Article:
By News-Register staff • 

Starrett wins commission seat with 51 percent

Mary Starrett of Newberg appears to have claimed Position 3 on the Yamhill County Commission by winning 51.1 percent of countywide votes in Tuesday's primary election.

Her chief challenger, Debra Bridges of Dundee, has 37.3 percent of the vote. Marc Shelton of Newberg, who spent and campaigned sparingly, ran a distant third with 11.6 percent.

In final but still unofficial returns, Starrett had 10,051 votes to Bridges' 7,339. Shelton had the remaining 2,284, with 33 unprocessed write-in votes.

To clinch the seat outright, Starrett needed to finish above 50 percent. And she just made it.

Starrett found herself in a similar situation four years ago in a run against Mary Stern, who is resigning to accept a post with the Association of Oregon Counties. That time, however, she fell just a handful of votes short of claiming a majority in May, and ended up losing in November.

Now, with county commissioners needing to replace Stern for the remainder of 2014, Starrett likely will join the commission early by appointment.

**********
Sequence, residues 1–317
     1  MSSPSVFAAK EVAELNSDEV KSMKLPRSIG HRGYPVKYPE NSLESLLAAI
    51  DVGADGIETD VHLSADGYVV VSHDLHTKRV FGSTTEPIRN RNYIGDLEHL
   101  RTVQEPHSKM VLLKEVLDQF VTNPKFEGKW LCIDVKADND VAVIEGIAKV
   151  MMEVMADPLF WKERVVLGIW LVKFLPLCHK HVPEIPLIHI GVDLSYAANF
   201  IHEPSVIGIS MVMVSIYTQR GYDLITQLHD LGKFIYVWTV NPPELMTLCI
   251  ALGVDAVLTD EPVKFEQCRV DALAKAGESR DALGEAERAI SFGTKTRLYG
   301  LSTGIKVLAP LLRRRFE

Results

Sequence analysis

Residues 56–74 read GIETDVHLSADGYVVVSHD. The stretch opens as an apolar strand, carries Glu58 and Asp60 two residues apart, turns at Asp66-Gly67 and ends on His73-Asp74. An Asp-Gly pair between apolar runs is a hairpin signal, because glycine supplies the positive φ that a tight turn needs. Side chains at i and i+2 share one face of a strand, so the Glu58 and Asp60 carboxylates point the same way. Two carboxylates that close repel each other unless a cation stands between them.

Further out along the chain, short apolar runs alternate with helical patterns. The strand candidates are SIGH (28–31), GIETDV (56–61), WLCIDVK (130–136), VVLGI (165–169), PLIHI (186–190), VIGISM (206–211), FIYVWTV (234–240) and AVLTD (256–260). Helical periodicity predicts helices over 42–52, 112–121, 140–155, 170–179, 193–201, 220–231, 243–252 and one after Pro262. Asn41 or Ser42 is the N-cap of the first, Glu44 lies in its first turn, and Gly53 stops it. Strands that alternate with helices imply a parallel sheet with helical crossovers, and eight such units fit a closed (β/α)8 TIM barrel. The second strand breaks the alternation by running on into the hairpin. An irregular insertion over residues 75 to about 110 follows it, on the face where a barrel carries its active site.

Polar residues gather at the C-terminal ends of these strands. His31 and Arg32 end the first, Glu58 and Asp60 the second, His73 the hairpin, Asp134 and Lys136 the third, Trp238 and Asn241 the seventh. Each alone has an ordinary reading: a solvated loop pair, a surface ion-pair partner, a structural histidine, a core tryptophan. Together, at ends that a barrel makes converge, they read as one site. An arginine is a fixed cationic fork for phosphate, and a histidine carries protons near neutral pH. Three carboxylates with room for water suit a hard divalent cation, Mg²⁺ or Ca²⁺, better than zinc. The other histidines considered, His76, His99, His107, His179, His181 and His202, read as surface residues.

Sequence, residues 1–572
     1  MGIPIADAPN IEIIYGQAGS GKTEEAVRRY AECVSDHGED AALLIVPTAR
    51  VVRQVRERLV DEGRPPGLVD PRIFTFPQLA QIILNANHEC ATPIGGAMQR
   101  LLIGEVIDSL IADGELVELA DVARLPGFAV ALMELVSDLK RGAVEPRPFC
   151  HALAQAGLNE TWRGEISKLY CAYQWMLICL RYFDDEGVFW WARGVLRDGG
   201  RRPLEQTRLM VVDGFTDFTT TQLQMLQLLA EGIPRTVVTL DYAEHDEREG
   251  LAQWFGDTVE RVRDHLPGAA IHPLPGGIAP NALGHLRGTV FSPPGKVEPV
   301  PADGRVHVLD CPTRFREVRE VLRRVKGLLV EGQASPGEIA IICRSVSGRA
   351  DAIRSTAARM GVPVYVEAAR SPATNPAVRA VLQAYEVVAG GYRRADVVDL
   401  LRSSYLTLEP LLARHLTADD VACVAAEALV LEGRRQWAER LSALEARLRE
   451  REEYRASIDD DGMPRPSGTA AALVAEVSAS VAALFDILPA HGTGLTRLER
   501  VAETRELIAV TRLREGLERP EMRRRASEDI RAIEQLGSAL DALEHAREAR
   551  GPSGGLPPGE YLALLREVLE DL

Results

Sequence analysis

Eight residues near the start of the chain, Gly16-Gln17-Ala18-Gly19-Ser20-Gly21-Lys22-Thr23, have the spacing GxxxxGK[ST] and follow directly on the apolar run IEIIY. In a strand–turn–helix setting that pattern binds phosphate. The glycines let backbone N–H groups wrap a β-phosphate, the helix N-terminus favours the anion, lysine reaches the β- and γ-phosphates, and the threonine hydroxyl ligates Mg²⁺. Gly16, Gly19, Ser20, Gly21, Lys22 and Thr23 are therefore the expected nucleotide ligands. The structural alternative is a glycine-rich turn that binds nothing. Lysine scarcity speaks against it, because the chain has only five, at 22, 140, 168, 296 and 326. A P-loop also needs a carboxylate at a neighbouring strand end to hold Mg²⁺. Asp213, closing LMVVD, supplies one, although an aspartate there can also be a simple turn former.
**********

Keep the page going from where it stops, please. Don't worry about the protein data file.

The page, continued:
Newspapers and News outlets should just give the news and facts in a fair and balanced way and never pick or endorse a candidate or an issue. That is a true conflict of interest.


Where is the "true conflict of interest", bill? I've been watching this stuff for a long time, and I think the NR has been extremely careful to avoid such things. It is not likely that the newspaper stands to gain any kind of advantage by endorsing a candidate for public office. You need to rethink your position, bill, or provide some kind of coherent rationale for your claim.

Jeb Bladine

Whoever first said, "Perception is reality," caused a great deal of second-thought angst for many people.
Newspapers produce "informed opinion" on important issues -- not more informed than yours, or anyone else who takes the time, but informed. With political endorsements it involves personal interviews, public statements, past actions and consideration of public needs in particular situations.
Newspaper opinions are published without any illusion that they will sway public opinion, rather with a hope that they will contribute positively to the informed debate needed for good public decisions.
Some, however, vilify newspapers for expressing those opinions, saying it represents bias in the news. When that perception starts to be taken as reality, newspapers get worried, especially in today's world of dwindling readership.
That's why, in part, the Chicago Sun-Times and Milwaukee Sentinal Journal, among others, decided to eliminate political endorsements in 2012.
So far, other major newspapers have not followed suit. But we all think about it, one way or the other. Here's an interesting commentary I found about that:

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